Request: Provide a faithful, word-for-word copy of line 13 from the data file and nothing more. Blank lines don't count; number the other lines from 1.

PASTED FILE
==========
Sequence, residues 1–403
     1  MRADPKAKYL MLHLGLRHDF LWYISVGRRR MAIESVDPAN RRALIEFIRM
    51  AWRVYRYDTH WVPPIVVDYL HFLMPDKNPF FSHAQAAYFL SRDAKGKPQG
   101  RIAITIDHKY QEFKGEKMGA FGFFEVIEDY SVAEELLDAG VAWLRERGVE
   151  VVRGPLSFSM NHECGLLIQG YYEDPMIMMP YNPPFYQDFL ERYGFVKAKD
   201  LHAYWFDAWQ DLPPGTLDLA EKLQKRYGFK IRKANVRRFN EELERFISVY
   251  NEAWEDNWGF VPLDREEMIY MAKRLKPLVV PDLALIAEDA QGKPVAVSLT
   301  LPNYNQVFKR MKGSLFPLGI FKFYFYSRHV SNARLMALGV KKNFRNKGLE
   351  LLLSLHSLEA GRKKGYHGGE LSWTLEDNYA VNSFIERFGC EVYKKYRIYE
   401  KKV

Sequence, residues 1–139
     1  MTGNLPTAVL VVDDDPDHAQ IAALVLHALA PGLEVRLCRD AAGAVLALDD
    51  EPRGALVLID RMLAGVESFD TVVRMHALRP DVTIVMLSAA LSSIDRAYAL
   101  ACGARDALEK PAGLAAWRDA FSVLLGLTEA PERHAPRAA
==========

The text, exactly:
    51  EPRGALVLID RMLAGVESFD TVVRMHALRP DVTIVMLSAA LSSIDRAYAL